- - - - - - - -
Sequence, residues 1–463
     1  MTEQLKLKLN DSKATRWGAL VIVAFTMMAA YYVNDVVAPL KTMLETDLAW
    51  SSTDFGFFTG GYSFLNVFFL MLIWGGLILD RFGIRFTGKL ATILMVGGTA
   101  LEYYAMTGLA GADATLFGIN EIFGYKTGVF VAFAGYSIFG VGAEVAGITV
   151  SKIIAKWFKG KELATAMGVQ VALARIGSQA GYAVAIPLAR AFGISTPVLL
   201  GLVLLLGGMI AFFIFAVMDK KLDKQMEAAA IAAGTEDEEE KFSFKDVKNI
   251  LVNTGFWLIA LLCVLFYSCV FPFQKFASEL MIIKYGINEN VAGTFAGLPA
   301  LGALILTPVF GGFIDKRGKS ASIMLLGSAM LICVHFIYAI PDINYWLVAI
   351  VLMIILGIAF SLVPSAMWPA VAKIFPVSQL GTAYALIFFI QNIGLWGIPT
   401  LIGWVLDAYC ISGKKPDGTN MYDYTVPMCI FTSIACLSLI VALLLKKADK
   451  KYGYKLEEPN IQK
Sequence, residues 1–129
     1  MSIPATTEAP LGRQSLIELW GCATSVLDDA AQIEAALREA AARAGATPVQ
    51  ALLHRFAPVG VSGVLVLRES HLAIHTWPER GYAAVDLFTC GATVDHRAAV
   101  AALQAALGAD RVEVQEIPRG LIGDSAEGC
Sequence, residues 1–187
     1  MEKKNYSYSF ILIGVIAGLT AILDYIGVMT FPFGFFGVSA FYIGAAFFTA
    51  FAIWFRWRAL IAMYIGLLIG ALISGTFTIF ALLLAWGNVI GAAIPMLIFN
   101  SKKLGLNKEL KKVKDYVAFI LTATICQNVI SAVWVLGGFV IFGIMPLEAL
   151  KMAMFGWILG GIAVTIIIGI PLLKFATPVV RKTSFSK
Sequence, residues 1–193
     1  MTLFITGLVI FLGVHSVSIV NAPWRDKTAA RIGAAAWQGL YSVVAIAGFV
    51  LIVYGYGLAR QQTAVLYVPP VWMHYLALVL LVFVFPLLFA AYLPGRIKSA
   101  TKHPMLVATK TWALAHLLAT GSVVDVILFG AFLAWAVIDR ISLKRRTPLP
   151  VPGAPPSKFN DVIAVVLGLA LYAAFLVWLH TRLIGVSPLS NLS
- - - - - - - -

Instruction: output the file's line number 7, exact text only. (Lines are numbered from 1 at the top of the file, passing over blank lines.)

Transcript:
   251  LVNTGFWLIA LLCVLFYSCV FPFQKFASEL MIIKYGINEN VAGTFAGLPA